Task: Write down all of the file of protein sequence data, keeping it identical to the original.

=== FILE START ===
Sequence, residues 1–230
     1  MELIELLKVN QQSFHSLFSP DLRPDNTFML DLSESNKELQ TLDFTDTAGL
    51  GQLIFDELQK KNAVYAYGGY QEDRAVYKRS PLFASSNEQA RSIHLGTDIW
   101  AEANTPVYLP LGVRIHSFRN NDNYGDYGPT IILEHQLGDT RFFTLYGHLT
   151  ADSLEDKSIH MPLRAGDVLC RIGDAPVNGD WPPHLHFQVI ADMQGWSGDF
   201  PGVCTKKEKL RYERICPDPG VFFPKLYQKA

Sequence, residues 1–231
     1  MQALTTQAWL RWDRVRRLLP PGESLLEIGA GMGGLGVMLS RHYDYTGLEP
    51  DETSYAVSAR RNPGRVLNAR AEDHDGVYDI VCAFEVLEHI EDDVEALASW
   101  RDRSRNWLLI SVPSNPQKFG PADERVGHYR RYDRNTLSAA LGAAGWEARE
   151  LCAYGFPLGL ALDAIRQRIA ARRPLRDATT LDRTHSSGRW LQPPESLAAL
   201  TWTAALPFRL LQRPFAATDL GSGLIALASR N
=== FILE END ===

Sequence, residues 1–230
     1  MELIELLKVN QQSFHSLFSP DLRPDNTFML DLSESNKELQ TLDFTDTAGL
    51  GQLIFDELQK KNAVYAYGGY QEDRAVYKRS PLFASSNEQA RSIHLGTDIW
   101  AEANTPVYLP LGVRIHSFRN NDNYGDYGPT IILEHQLGDT RFFTLYGHLT
   151  ADSLEDKSIH MPLRAGDVLC RIGDAPVNGD WPPHLHFQVI ADMQGWSGDF
   201  PGVCTKKEKL RYERICPDPG VFFPKLYQKA

Sequence, residues 1–231
     1  MQALTTQAWL RWDRVRRLLP PGESLLEIGA GMGGLGVMLS RHYDYTGLEP
    51  DETSYAVSAR RNPGRVLNAR AEDHDGVYDI VCAFEVLEHI EDDVEALASW
   101  RDRSRNWLLI SVPSNPQKFG PADERVGHYR RYDRNTLSAA LGAAGWEARE
   151  LCAYGFPLGL ALDAIRQRIA ARRPLRDATT LDRTHSSGRW LQPPESLAAL
   201  TWTAALPFRL LQRPFAATDL GSGLIALASR N